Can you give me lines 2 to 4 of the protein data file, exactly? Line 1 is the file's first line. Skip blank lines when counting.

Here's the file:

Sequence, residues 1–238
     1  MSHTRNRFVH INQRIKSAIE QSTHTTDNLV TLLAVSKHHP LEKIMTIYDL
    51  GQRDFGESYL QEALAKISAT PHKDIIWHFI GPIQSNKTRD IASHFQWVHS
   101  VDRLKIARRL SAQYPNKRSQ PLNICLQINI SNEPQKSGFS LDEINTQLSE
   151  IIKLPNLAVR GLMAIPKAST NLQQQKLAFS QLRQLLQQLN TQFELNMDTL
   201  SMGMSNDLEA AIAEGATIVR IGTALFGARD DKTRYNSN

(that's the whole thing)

     1  MSHTRNRFVH INQRIKSAIE QSTHTTDNLV TLLAVSKHHP LEKIMTIYDL
    51  GQRDFGESYL QEALAKISAT PHKDIIWHFI GPIQSNKTRD IASHFQWVHS
   101  VDRLKIARRL SAQYPNKRSQ PLNICLQINI SNEPQKSGFS LDEINTQLSE